Thailand loves their king a whole lot. So every year on December 5th the entire country celebrates his birthday.
Pai, Thailand. Where life is good, all the time.
December 16, 2008 by Marianne
(For more about just how protective they are about the royal family check this out. You can go here to see the article that caused the problem; a very good read)
I took the three day weekend as an opportunity to check out some more of this country. So on Thursday I hopped a bus to Chang Mai where I met up with Jen, who teaches in Chang Rai, and James who I was meeting for the first time after some e-mail correspondence thanks to our good mutual friend Rachel Mennies.
After a stroll and some shopping around Chang Mai’s wonderful night market, eating one and a half enormous yet delicious Mexican style burritos made by a guy from New Orleans, and a few bars, we hit the hay at our favourite Chang Mai guesthouse – Top North and prepared for the long day we had ahead of us.
Friday morning we woke up, and after a few failed attempts, found a motorbike rental shop that had three Honda 125 Dream’s that could be ours for the weekend. As the only member of our threesome to have ever driven a motorbike, myself and the bike rental employees began a little lesson for biker newbies Jen and James. Three minutes later we were off (after all you learn faster from experience right?). After navigating some serious Chang Mai city traffic, filling up on petrol and finding the right road, I led the way into the mountains on our way to Pai.
About 40 kilometres into the ride we hit Route 1095 which would lead us all the way to Pai on one 136 km long trip. To get from Chang Mai to Pai you have to get over the top of Thailand’s northern mountain ranges. If you’ve ever driven up or down a mountain, you know the only way to do it is to weave back and forth, while the road turns back on itself and you make 180 degree turns while fighting up or down a 40 degree hill. This is not a road you want to take on a rickety old bus. Trust me, I saw those buses trying to climb at a 5km/hour pace and it’s a wonder that the fronts didn’t slowly lift up and let gravity finish the job down into the valley.
But on my trusty Honda Dream, it was the greatest drive I’ve done. We stopped on the way to check out Mork-Fa Waterfall in Doi Suthep National Park. If you’re there, it is well worth the 200 Baht entrance fee. After that, and another stop at a roadside vendor for some Pad See-You we found ourselves in the happiest place I’ve found in Thailand.
It was probably the combination of a long exhausting ride, the beautiful clear night, the lantern lights lining the river and the bustling walking street/night market but I haven’t felt that at peace in awhile. Jen and James very quickly got tired of my repeated declaration that I was going to find a way to live here somehow.
After struggling through the mobbed walking streets and discovering that no one in Pai actually knows the names of the roads they live on, we finally found our guesthouse and our little cabin room. It’s a decent guesthouse called Golden Hut run by a hippie with huge dreadlocks, with hammocks, table tennis tables, and beds with mosquito nets hanging over them which always seem to add a touch of romanticism to a place, even if their real job is to keep the malaria-infected mosquitoes away. It was pretty rustic, don’t stay here if you’re high maintenance, but I enjoyed it.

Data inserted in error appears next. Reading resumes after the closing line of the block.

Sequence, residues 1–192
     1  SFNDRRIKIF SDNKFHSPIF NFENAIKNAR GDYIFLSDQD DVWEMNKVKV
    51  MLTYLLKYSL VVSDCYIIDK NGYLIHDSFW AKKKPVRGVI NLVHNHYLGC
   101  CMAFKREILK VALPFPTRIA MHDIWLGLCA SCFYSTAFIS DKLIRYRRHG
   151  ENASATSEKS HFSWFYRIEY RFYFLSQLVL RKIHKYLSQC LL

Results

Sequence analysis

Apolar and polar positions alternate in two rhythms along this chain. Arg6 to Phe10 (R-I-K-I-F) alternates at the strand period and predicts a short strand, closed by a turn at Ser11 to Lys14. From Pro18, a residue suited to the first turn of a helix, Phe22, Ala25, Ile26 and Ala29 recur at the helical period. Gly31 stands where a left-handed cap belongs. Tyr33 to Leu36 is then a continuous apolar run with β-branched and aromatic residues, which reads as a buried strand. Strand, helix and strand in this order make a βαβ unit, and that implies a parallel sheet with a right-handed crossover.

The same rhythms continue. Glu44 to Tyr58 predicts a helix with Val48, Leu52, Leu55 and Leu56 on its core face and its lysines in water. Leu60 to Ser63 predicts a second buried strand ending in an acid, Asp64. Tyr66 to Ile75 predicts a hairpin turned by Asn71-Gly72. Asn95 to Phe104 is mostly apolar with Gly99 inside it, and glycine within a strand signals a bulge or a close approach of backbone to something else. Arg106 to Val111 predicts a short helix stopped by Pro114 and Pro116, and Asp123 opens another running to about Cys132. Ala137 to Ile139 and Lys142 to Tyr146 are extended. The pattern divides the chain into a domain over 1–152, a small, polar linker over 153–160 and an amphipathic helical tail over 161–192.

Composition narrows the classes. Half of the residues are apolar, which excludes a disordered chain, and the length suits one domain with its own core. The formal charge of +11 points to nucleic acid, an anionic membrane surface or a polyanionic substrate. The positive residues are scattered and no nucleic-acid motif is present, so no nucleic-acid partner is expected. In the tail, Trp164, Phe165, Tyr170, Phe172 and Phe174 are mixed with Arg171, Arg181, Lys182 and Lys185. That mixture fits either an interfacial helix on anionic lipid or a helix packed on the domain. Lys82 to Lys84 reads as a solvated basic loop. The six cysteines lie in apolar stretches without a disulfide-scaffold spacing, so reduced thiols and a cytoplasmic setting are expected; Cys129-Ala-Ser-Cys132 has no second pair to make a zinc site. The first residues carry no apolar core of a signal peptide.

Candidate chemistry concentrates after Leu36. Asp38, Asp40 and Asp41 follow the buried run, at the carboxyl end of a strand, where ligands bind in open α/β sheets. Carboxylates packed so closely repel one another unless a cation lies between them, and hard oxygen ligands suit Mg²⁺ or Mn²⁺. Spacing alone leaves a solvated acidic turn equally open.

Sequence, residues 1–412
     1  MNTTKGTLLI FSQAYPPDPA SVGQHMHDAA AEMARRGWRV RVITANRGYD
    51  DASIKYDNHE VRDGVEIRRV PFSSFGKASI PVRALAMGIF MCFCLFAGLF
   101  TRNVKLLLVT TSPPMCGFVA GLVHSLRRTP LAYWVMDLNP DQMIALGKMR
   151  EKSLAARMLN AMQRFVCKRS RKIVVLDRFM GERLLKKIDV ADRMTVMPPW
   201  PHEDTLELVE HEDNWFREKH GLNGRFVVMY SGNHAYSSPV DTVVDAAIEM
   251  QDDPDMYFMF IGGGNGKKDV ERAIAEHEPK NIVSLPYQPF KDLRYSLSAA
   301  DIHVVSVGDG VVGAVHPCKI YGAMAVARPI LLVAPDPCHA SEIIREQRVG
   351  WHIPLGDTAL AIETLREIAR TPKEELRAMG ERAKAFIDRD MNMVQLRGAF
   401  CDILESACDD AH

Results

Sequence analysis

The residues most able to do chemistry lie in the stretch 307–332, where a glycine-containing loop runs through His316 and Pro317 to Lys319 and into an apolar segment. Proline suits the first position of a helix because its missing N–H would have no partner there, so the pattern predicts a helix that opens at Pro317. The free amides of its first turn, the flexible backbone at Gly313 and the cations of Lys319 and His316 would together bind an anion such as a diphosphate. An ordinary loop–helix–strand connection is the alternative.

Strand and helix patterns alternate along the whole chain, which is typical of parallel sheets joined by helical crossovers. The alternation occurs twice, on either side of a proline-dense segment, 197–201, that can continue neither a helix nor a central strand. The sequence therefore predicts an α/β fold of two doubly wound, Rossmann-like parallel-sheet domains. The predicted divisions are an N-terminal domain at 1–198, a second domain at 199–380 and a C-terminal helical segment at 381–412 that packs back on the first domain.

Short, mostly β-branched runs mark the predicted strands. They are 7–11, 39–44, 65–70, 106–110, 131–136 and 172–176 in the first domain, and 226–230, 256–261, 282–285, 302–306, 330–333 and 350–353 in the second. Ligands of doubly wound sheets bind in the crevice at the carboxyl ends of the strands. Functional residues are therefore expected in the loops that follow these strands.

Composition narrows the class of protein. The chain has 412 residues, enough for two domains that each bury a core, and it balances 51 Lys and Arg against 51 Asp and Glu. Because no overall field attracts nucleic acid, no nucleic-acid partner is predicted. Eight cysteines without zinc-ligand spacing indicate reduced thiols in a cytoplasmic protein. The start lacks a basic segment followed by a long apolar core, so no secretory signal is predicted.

After showering and changing we ventured back out on to the walking street for some good food and good music. We ended up spending most of the night sitting/standing on the street by a band who had set up their gear in between two banks to play and promote their show the following night. They were a great bunch of guys, one of whom had an English wife from St Albans (where I went to school for almost four years) who we chatted with for awhile. We had nowhere to stay the following night and we asked her about this, and she insisted that we were definitely not going to find a place. The problem was that this was a national three-day weekend and Pai has become a very popular tourist destination for Thais, so the place really was packed to capacity.
We called it an early night, I woke up at dawn the next morning and starting the process of calling up all the guesthouses I had a number for to find another room. That failed, so I showered and went to Golden Hut’s reception to ask for help. They called up a lady who gave us ‘rooms’ for the night. We moved our stuff to our new residence to find that we were actually sleeping on the floor of this woman’s living room on mattresses, but it was probably cleaner than the Golden Hut, and at that point we were taking what we could get. We thanked her for the room, hopped on our bikes and went to see what Pai was all about. We checked out their waterfall (pretty, but not as impressive as Mork Fa), the beautiful canyons and the natural hot springs (which have a 200 Baht entrance fee too…still not sure if that one was worth it). The natural hot springs were pretty cool. The highest little pools of water were so hot that people were literally boiling eggs in them. The lower ones were still pretty hot, but some thick skinned Thais, and James, still got right in.